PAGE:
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General Surgery

Shedding light on how does Anaesthesia work!

admin Feb 28, 2024

In the domain of modern medicine, anaesthesia is a foundation which has transformed the surgical landscape. In India, where the epidemiology of diseases requiring surgical intervention is considerable, the role of anaesthesia is particularly critical, underscoring the imperative need for increasing awareness about the significance of Anaesthesia.

Read more to understand what exactly Anaesthesia is and how does it work:

What is Anaesthesia?
Anaesthesia refers to the utilization of medications to prevent pain during procedures such as surgery, biopsies, and dental work. Depending on the type of pain relief required, anaesthesiologists can administer anaesthetics through various methods:

  • Gas that the patient breathes in through a mask covering the mouth and nose.
  • Intravenous line with a needle inserted into a vein, providing direct access to the bloodstream.
  • A catheter (thin tube) inserted into the space exterior to the spinal cord or surrounding peripheral nerves.
  • Anaesthesia injection into a body organ with a needle and syringe
  • Topical formulations such as lotion
  • Ophthalmic anaesthetics such as Eye drops
  • Anaesthetic skin patch

What are the distinct types of Anaesthesia?
The type of anaesthesia, an individual gets will rely on the type of surgery and individual’s medical condition. The diverse types of Anaesthesia include the following:
General anaesthesia affect the full body, making patients unconscious and immobile. Anaesthesiologists will give general anaesthesia for complicated surgeries involving internal organs or other invasive or arduous procedures, such as back surgery. These anaesthetics are administered either through an intravenous line or as an inhaled gas.
Local anaesthesia is an anaesthetic agent given to temporarily pause the sense of pain in a particular portion of the body. Individuals remain conscious when local anaesthesia is administered. For minor surgery, local anaesthesia can be administered through injection to the site or allowed to absorb into the skin. However, when a large area requires to be numbed, or if a local anaesthetic injection will not penetrate deep enough, healthcare providers may utilize other forms of anaesthesia.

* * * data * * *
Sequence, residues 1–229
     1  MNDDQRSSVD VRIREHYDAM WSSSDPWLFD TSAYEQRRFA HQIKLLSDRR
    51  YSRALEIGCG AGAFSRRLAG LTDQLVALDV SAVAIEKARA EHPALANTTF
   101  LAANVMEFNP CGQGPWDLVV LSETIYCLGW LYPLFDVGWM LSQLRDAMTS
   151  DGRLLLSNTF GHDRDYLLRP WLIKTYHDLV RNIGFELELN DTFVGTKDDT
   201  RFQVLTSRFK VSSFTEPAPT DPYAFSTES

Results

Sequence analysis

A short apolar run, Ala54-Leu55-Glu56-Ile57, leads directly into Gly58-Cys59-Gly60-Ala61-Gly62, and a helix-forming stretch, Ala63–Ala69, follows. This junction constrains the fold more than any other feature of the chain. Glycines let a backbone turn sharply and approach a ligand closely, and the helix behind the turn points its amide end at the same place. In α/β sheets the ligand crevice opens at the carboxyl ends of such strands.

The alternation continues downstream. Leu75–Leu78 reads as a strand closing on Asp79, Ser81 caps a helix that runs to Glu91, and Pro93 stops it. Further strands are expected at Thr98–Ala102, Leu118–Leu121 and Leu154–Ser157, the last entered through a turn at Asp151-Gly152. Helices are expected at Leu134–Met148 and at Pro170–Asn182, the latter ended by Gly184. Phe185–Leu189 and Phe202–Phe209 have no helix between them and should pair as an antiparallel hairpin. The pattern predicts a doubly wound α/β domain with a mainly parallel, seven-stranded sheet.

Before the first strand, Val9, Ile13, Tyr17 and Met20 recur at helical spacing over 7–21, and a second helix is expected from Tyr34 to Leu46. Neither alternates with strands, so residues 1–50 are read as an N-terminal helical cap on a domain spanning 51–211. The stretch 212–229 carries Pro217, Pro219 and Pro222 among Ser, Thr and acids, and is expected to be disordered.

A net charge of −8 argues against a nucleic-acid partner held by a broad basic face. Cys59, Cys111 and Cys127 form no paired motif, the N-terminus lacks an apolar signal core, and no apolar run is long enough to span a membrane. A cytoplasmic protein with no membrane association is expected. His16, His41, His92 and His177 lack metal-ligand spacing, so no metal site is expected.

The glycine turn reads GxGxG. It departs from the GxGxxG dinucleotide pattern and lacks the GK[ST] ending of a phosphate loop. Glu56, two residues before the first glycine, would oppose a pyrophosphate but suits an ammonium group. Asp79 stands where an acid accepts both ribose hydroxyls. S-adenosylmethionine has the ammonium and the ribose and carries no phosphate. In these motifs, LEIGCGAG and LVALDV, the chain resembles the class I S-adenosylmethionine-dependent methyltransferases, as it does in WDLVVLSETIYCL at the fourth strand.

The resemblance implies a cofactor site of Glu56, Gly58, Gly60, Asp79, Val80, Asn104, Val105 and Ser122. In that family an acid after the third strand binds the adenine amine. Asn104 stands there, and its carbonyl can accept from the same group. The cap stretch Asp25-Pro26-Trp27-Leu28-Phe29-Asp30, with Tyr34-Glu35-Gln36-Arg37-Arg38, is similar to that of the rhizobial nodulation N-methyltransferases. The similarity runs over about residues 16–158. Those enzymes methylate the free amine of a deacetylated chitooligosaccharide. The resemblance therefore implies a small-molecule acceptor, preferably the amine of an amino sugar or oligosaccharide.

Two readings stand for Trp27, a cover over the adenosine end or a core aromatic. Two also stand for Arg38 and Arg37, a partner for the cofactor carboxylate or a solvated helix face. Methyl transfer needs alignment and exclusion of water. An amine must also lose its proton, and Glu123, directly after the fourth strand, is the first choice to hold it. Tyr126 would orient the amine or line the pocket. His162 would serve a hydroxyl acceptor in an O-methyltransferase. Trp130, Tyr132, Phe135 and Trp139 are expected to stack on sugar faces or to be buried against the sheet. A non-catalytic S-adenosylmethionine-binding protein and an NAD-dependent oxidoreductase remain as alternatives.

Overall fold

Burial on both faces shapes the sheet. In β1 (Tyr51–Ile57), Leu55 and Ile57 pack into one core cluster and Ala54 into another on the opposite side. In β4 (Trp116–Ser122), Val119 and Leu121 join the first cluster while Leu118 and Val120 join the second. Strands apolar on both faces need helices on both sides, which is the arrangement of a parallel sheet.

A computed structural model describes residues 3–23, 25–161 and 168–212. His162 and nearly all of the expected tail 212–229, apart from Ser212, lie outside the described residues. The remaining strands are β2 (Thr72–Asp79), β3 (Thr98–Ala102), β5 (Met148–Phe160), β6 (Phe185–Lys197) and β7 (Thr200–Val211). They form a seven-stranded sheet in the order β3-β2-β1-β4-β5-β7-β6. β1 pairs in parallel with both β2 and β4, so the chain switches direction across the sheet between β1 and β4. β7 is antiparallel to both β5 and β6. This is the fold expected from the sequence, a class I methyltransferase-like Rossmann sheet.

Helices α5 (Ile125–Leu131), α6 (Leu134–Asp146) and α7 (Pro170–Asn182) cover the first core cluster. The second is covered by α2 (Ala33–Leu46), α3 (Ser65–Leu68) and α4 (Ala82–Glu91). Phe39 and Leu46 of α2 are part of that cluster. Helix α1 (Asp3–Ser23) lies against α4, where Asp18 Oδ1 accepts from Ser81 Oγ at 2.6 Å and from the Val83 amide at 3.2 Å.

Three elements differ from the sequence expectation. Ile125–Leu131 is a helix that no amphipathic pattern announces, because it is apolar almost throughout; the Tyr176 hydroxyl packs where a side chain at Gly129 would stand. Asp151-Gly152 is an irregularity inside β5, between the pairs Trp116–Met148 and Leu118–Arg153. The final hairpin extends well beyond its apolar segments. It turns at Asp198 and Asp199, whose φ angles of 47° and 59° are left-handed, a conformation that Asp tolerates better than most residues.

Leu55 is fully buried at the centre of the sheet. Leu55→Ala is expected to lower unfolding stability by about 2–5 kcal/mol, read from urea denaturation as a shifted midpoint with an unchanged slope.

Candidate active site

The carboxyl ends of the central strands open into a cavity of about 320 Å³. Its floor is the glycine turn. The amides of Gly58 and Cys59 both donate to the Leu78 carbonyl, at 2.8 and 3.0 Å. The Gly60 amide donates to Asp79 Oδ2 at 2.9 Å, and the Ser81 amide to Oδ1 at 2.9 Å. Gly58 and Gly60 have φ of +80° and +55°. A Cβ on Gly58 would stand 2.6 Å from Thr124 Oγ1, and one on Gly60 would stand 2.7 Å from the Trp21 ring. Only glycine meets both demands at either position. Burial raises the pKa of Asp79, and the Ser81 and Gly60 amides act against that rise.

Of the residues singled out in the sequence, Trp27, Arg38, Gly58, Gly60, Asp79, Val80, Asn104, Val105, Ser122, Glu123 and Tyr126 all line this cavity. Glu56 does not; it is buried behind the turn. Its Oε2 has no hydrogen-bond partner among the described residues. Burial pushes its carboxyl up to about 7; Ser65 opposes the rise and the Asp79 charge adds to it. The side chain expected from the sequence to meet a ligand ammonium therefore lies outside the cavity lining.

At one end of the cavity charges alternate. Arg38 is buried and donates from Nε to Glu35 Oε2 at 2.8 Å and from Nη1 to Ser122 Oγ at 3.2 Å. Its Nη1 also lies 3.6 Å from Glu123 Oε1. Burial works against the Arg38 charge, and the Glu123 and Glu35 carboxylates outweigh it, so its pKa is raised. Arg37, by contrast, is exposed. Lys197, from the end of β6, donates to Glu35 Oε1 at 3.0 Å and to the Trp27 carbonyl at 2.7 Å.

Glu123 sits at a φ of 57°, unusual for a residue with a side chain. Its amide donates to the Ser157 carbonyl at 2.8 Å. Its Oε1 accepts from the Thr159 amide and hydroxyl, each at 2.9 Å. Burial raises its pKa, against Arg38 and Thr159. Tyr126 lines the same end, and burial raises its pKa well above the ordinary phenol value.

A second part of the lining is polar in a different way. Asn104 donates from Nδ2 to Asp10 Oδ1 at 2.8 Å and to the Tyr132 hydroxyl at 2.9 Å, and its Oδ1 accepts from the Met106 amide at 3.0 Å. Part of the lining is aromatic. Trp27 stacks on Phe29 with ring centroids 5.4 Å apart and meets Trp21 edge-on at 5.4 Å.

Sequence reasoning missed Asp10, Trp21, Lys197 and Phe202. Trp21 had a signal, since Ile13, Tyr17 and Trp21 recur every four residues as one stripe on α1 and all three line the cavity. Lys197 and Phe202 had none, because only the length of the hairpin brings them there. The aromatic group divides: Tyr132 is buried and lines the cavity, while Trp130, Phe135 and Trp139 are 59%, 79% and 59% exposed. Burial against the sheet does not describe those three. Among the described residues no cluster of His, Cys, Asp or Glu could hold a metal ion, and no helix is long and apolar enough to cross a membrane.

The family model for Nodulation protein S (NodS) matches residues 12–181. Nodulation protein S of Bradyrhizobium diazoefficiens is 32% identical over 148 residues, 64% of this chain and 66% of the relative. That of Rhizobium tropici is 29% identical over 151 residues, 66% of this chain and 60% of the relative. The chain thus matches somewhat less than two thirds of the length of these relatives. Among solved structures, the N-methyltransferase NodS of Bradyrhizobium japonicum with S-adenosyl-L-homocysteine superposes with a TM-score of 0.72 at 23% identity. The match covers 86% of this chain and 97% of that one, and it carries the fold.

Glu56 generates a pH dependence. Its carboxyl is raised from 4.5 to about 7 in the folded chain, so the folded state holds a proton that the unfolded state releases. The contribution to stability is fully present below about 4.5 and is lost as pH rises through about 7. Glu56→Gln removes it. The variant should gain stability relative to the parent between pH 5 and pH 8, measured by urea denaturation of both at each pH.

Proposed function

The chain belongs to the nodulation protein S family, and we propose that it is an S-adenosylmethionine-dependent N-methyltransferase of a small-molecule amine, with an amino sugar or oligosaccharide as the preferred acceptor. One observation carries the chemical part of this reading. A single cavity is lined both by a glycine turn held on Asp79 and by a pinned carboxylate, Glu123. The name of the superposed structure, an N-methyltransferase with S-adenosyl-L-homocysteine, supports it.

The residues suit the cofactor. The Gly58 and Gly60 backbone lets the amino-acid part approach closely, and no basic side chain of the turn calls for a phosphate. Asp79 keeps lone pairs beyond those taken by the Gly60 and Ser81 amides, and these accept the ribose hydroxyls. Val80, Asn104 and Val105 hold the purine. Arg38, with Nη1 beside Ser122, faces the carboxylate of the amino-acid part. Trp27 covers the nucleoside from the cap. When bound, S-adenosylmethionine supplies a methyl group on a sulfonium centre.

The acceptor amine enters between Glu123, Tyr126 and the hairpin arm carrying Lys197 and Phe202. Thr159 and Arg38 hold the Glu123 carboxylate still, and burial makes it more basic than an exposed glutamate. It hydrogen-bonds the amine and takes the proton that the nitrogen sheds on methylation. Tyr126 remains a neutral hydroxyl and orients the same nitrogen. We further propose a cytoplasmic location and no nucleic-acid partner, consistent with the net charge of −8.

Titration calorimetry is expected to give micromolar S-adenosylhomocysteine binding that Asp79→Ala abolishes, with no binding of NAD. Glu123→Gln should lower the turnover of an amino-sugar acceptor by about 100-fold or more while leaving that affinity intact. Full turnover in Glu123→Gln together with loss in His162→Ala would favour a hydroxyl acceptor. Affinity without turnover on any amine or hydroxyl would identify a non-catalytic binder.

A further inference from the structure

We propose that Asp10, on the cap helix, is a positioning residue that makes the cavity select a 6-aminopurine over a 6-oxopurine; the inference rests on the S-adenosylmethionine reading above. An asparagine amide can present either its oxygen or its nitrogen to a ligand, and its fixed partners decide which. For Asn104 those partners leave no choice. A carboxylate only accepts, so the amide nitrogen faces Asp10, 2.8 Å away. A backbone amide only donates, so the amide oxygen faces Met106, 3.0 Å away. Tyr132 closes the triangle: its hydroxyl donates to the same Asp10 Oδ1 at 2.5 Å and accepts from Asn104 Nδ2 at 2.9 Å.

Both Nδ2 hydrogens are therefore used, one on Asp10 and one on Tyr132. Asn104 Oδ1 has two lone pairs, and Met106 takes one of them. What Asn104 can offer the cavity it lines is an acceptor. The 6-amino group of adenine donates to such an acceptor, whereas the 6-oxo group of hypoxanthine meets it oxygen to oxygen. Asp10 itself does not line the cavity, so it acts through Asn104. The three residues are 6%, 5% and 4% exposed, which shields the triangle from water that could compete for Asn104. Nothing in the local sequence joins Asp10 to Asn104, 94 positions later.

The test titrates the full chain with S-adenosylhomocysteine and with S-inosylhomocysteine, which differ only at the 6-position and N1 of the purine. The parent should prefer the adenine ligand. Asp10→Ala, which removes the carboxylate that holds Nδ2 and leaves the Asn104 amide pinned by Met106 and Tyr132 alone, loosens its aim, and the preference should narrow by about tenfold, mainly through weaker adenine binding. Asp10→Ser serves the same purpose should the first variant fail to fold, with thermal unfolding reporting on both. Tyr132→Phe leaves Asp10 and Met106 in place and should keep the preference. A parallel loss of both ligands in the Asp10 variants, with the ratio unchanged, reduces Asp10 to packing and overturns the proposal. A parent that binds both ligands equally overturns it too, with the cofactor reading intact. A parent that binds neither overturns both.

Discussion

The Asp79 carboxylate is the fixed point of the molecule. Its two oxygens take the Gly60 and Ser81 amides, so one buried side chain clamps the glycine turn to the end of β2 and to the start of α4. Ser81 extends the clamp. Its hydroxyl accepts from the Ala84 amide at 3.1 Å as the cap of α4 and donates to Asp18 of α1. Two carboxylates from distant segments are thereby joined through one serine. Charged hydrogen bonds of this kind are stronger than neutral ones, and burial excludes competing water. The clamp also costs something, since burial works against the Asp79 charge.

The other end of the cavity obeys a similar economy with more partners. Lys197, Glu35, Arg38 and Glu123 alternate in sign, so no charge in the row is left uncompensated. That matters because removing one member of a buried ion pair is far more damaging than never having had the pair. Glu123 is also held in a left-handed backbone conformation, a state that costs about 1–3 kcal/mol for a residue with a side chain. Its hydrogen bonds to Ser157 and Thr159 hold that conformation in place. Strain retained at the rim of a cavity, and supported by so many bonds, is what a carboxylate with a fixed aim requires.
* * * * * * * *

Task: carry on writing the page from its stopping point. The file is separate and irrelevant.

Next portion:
Regional anaesthesia is utilized to numb only the body part which will undergo the surgery. Usually, an injection of local anaesthetic is administered in the area of nerves that provide feeling to that body part. There are various forms of regional anaesthetics:
Spinal anaesthetic: It is achieved by administering local anaesthetics into the cerebrospinal fluid (CSF). Utilized for lower abdominal, pelvic, rectal, or lower extremity surgery.
Epidural anaesthetic: It is prominently utilized for surgery of the lower limbs and during labour as well as childbirth. This form of anaesthesia involves continuously infusing an anaesthetic medication through a thin catheter (hollow tube). The hollow tube is placed into the space that surrounds the spinal cord in the lower back, causing numbness in the lower body part.
What researchers know about how Anaesthesia works?
Anaesthesia averts the feeling of pain by prohibiting nerves from transmitting signals to the brain. Researchers don’t know exactly how all forms of anaesthetics work, but they do know that few anesthetics block pain by:

  • Modifying neurotransmitter release
    Neurotransmitter are the chemical messengers which transmit signals between neurons. They can cause signal transmission (excitatory) or block signal transmission (inhibitory). Certain general anaesthetics cause the secretion of inhibitory neurotransmitters while others block the release of excitatory neurotransmitters to decrease the activation of neurons.
  • Modifying the activity of ion channel proteins
    Normally, ion channel proteins pass ions through nerve plasma membranes to transmit signals. General and local anesthetics which work in this manner restrict ion passage to block signal transmission.

For instance, Propofol is becoming the intravenous anesthetic of choice for outpatient surgery. Studies suggest mode of action involves a positive modulation of the inhibitory function of the neurotransmitter gamma-aminobutyric acid (GABA) through GABAA receptors.

Side effects of Anaesthesia
Anaesthetics comprise of several medicines which can produce side effects in a few people. Anesthetists will inform regarding any side effects a patient may experience after having a particular type of anaesthetic and measures that will be taken to decrease these.
Some prominent side effects that can happen after a general anaesthetic or certain regional anaesthetics include:

  • Feeling unwell
  • Dizziness
  • Feeling cold
  • Throbbing pain in the head
  • Itchiness
  • Bruising and soreness
  • Difficulty urinating

On experiencing any of the above symptoms, seek medical attention.

In a nutshell, anaesthesia is one of the amazing discoveries of modern medicine which made operations painless for patients.


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